I started with school. I told him the truth: that I was always a daydreamer, my parents used to joke I could catch flies in my mouth. Still, in primary school I was pegged as ‘gifted and talented’ because I was good at English or whatever, and then in high school I got good grades without having to study because I was smart, but every teacher at every parents’ evening got me in trouble by saying they felt I was ‘coasting’. That damned word haunted my adolescence. Then at A-Level, when the work got harder and I had to revise and just sort of… didn’t… I got disappointing grades and only just scraped into uni. I actually got one point less than required for my course, but they let me in anyway – to be nice, I suppose.
At uni I did good because my degree was filmmaking, so I just spent all day writing scripts and editing silly videos. Never felt like work, never had to apply myself beyond thinking up daft lines of dialogue for characters I’d imagined. Then came employment: long days in offices, staring at a laptop, feeling as though ants were crawling over me and it was almost a physical pain to sit still. Striding around making drinks, writing secret poems, distracting colleagues with idle ponderings – would you rather be a plump duck or a sickly ox? – and then panicking at having achieved nothing for the entire day and doing all my work in 45 minutes. Going home stressed and annoyed at myself, every day for a decade.
I told the doctor it wasn’t just this. My weird impulsive and nonsense behaviours have been disastrous at times. Quitting jobs on a whim, in a flurry of inspiration that hit from nowhere and abandoned me equally fast, two hours after handing my notice in. Moving cities on a whim – moving countries on a whim. Ending loving relationships because of some idiot notion that cut suddenly through the static, dolled up like a good idea. ‘But I’m happy here’, says one voice. ‘You aren’t – go and get your hands calloused and become a true man of the earth somewhere’, says another. That’s the farmer voice talking.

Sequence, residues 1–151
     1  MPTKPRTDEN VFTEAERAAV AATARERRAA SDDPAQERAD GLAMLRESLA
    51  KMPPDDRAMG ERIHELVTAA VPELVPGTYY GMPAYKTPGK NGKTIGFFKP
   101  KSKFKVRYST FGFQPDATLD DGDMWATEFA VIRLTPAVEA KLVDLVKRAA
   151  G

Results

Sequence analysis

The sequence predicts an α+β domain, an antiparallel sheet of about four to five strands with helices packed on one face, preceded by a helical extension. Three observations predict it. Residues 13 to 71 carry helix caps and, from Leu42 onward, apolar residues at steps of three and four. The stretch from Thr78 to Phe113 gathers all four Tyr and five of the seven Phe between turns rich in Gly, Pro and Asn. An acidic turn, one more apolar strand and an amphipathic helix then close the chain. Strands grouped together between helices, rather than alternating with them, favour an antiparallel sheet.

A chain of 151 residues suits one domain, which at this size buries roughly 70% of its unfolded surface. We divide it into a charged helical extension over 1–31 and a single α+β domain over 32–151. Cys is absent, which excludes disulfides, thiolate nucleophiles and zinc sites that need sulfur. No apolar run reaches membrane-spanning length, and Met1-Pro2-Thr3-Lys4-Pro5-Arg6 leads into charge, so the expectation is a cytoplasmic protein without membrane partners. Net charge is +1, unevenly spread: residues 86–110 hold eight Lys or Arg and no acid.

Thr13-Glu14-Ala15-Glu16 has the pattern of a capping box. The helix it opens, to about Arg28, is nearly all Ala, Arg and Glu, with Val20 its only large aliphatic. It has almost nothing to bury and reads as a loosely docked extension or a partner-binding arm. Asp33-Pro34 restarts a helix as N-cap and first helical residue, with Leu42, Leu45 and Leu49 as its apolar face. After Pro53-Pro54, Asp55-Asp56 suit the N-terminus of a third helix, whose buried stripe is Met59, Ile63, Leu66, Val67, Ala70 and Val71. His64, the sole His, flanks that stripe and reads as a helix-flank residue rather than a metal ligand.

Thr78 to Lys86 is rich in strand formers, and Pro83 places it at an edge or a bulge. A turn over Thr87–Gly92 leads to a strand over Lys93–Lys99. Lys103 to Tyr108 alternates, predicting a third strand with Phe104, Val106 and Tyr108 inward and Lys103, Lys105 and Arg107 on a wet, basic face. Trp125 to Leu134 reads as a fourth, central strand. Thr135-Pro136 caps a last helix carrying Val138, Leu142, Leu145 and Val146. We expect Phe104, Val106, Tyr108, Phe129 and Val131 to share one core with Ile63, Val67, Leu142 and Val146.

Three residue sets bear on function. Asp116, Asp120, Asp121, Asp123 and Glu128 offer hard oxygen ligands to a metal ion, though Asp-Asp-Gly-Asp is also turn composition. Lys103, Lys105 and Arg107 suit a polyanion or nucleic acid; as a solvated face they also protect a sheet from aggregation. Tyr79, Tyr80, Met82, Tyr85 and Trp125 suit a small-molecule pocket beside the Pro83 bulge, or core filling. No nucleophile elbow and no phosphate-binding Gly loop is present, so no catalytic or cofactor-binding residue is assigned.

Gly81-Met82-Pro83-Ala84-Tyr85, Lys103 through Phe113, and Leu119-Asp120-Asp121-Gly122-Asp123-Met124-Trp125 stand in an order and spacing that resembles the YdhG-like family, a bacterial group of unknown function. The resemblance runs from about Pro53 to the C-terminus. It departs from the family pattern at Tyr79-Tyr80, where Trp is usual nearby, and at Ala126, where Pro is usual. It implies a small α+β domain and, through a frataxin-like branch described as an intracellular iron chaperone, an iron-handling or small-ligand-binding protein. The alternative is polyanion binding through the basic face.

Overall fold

Emotional volatility too – sensitivity born out of endless overthinking. ‘What exactly did you mean by the word ‘interesting’ in that sentence? Do you mean interesting as in, a dickhead? Do you think I’m a dickhead? How can I prevent you from feeling this way in the future? I ought to make some changes. I ought to buy a flight to Sri Lanka, reinvent myself. Are things good in Sri Lanka? I could start a revolution. Maybe I could get gunned down in a blaze of glory. Maybe they’d put me on t-shirts.’
Well, the doctor listened to all of this and then he sat back and had a little head-shake chuckle, and he said yeah, fair, it sounds like you have adult attention deficit. Maybe not hyperactive. But all the signs are there for ADD. I didn’t even tell him that coffee makes me fall asleep and that I’m a shit listener.
But again – Tories! – the waiting list to get a diagnosis is anywhere between one and three years, so. Could go private, but I called a clinic the other day and prices begin at £750. I miss Corbyn.
Would be nice if there’s a little pill out there I could take to help me think more slowly. I think being a good and healthy person would be a lot easier if my brain wasn’t like ‘SMOKE CIGARETTES??’ without warning whenever I go into Tesco to buy a packet of Hobnobs.
Been vaping a lot recently. Vaping like a nutter to boot out the cigs once and for all. Pretty sure it’s bad for you though. Vape too much and it feels like an aneurysm. Will have to quit that as well, soon enough.
Anyway, I started writing this as a distraction from the more-important-but-also-harder-and-therefore-I-can’t-face-it task of writing my book. Break over. Back to it. Bye!